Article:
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Re: Charters for review

From: Charles McCathieNevile <chaals@opera.com>
Date: Thu, 23 Nov 2006 11:15:23 +0100
To: "Karl Dubost" <karl@w3.org>, "Dean Jackson" <dino@w3.org>
Cc: "Maciej Stachowiak" <mjs@apple.com>, "Ian Hickson" <ian@hixie.ch>, "Chris Lilley" <chris@w3.org>, "Hypertext CG" <w3c-html-cg@w3.org>, "Tim Berners-Lee" <timbl@w3.org>, "Steve Bratt" <steve@w3.org>, www-archive@w3.org, "L. David Baron" <dbaron@dbaron.org>
Message-ID: <op.tjgr3xefwxe0ny@pc058.coreteam.oslo.opera.com>

On Wed, 22 Nov 2006 17:04:38 +0100, Karl Dubost <karl@w3.org> wrote:

>
>
> Le 23 nov. 2006 à 00:49, Dean Jackson a écrit :
>> I liked David's suggestion that the group consider deliverables with  
>> smaller increments, although I understand what Ian says about this  
>> being difficult. It still might be possible to develop an HTML  
>> specification with the minimum set of new features.
>
> +1
> I think that would help the whole community:
>    - browser developers in being able to synchronize specs development  
> and product releases
>    - book writers to publish updates
>    - webmasters, web developers to learn step by step with small  
> increments the technologies.
>    - Test suite a lot easier to develop.
>
> A big monolithic specification trying to cover everything is likely to  
> have the same difficulties than previous framework. It was one of the  
> lessons of the WebAPIs WG.

You mean one of the lessons that led to the structure of the Web APIs WG?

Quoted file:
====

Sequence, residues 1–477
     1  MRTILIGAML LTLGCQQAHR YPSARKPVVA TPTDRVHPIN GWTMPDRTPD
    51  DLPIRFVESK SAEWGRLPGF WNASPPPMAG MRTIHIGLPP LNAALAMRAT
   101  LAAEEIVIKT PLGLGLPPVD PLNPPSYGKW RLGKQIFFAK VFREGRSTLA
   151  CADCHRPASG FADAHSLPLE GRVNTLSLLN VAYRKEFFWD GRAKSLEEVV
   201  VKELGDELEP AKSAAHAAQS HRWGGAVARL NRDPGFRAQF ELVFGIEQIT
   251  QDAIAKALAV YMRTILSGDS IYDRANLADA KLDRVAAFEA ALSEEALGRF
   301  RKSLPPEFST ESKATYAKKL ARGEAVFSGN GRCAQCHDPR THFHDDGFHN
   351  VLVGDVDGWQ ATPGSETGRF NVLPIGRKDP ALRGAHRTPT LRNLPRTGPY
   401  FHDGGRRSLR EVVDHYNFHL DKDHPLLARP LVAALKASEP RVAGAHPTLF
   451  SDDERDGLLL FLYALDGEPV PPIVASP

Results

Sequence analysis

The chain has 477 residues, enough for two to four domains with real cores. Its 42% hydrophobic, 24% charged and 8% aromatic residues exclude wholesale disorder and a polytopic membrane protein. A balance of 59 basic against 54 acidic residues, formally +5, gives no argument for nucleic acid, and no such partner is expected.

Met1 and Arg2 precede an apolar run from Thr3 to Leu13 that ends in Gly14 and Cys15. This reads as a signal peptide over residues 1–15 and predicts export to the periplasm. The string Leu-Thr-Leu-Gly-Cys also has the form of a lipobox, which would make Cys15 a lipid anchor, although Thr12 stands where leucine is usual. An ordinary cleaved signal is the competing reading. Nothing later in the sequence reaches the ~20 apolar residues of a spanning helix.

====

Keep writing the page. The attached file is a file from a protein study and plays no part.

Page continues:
One of the lessons coming out of that is that there are only a handful of  
people in a group who are able to successfully produce a spec, so aiming  
for too many of them at a time is still a recipe for failure. On the other  
hand, the handful of editors available, if they are prepared to keep  
working, can do one and then another and then another, if they can be done  
more or less sequentially (with a few editors working together some  
overlap can be handled reasonably).

But this is about subjective things. "Small increments" of course means  
making only the "obvious improvements", to which "any sensible person"  
would agree. It comes down to having a good chair who can balance the  
various competing desires and get consensus in "reasonable" steps, not  
something you can really pin down in a charter.

>> The development of the test suite is another matter, but I would expect  
>> that the majority of it arrives after CR.
>
> hmmm :) let me insist with my QA hat on. Please, please, I encourage the  
> chair and the staff contact to push the group to produce test cases when  
> developing the specifications. I think it would help everyone again and  
> it will avoid to have the pain at CR to try to get a full test suite.
>
> *Each* time a feature is discussed, the WG writes the test cases for it.

Yes, I think that is the ideal.

> It will also gives the opportunity to really promote HTML in the good  
> way by looking who/what will have to implement this specific feature  
> (browsers, search engines, authoring tools, etc.)

Actually I think far too little attention is paid to authoring tools by  
W3C as a whole, and they are extremely important to the long-term future.  
It is great that people can code by hand, but browsers mostly have to  
follow what authoring tools produce anyway (as well as the few rogue  
hand-coders at abnormally popular sites).

cheers

Chaals


-- 
   Charles McCathieNevile, Opera Software: Standards Group
   hablo español  -  je parle français  -  jeg lærer norsk
chaals@opera.com          Try Opera 9 now! http://opera.com
Received on Thursday, 23 November 2006 10:15:55 GMT

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